August 7 in Twilight Zone History: Remembering John Anderson

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Aug 7, 2017, 1:25 PM EDT

 Rod Serling's The Twilight Zone premiered on October 2, 1959, and over the course of its five-year run would churn out 156 episodes and cement itself as a classic of science fiction television. Its influence would be felt in any number of shows and movies that would follow -- from The Walking Dead to Stranger Things -- and beyond, becoming one of the enduring pop culture staples of its era. This Day in Twilight Zone History presents key commemorative facts about the greatest science fiction/fantasy television series of all time, presented by author Steven Jay Rubin, whose latest book is The Twilight Zone Encyclopedia (arriving this October). Whether it’s a key performer’s birth or death, the date an episode debuted, or any other related fact, This Day in Twilight Zone History presents a unique aspect of the rich history of this television series and the extraordinary team that created it.


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Today, August 7, we remember the wonderful character actor John Anderson, who died on this day in 1982 at the age of 69. Anderson starred in the popular episode “The Odyssey of Flight 33,” in which he portrayed Captain Farver, the pilot of a 707 airliner that runs afoul of a super air current that transports the aircraft and its passengers back to the days of the dinosaurs. Thanks to Rod Serling’s brother’s help – Robert Serling was an aviation writer with all the right connections to get accurate cockpit chatter – this episode seemed amazingly realistic for its time.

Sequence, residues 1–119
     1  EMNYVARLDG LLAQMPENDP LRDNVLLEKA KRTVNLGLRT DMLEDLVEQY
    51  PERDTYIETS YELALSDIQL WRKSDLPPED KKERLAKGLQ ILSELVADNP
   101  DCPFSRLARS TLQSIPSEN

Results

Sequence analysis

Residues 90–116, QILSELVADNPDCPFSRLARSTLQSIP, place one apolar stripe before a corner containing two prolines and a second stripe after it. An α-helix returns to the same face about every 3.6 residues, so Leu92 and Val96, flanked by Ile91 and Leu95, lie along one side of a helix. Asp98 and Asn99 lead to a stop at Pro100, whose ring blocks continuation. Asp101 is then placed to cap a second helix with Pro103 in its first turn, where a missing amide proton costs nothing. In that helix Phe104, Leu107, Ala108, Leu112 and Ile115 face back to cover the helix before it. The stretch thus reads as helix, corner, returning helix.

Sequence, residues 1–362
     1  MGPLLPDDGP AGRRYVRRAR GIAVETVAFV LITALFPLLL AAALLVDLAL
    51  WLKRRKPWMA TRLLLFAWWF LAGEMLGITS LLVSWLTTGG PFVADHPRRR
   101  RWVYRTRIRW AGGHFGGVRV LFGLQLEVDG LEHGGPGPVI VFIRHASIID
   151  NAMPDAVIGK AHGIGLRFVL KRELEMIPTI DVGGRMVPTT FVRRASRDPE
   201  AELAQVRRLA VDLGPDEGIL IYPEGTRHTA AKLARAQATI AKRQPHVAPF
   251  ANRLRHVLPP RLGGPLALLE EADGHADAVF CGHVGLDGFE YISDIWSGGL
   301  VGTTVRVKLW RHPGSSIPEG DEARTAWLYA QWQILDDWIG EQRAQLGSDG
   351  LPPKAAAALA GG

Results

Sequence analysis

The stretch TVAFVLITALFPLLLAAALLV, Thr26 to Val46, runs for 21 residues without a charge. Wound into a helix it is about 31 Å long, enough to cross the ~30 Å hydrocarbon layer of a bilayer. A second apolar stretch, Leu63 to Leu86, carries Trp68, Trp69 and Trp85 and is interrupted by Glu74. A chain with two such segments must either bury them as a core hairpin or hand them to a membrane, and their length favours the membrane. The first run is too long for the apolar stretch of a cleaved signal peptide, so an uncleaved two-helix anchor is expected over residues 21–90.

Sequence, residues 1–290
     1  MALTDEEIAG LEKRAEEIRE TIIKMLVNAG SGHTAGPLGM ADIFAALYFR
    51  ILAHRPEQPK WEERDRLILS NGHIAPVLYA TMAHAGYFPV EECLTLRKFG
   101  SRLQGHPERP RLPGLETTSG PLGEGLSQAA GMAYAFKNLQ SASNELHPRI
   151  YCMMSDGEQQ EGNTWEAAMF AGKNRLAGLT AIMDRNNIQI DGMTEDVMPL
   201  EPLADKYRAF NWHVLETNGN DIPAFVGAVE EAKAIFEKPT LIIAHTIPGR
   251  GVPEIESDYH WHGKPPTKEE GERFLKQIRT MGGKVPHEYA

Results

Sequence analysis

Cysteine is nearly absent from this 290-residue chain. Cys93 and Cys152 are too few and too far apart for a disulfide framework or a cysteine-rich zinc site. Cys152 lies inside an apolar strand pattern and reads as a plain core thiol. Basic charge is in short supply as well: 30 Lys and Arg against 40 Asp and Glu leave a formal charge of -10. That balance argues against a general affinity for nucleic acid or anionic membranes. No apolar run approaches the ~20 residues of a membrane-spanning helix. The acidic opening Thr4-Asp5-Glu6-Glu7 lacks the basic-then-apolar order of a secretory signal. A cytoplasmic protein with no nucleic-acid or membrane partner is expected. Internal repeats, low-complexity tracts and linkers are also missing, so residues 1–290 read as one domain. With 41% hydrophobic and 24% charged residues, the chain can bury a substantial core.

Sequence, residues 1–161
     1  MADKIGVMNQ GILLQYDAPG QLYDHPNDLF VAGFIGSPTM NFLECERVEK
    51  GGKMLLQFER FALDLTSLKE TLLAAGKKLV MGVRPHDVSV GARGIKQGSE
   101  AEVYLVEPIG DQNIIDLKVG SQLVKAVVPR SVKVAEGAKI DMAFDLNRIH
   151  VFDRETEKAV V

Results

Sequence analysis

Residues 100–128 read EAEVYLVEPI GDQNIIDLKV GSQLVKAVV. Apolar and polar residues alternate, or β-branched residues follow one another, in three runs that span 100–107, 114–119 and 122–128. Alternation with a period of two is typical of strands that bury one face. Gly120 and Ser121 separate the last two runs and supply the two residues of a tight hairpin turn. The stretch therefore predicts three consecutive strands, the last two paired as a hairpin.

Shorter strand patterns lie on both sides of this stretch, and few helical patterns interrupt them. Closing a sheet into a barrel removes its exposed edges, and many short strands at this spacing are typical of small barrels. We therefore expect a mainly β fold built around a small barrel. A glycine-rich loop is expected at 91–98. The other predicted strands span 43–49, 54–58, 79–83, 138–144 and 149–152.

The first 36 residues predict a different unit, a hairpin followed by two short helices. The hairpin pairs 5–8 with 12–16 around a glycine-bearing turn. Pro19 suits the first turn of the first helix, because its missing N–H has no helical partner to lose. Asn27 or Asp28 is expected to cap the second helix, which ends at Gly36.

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John Anderson (right) co-starred with Jack Klugman in "A Passage for Trumpet."


Anderson also appeared as the angel Gabriel  in “A Passage for Trumpet” – helping Jack Klugman’s down-on-his-luck horn player regain his confidence and spirit; he played a tool and die tycoon under siege from an unscrupulous corporate raider in “Of Late I Think of Cliffordville”; and he made his final appearance as the leader of a postapocalyptic community in the atmospheric “The Old Man in the Cave.”



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  Often low-key on screen, Anderson reminds us that on shows like The Twilight Zone, understatement could be a statement in itself.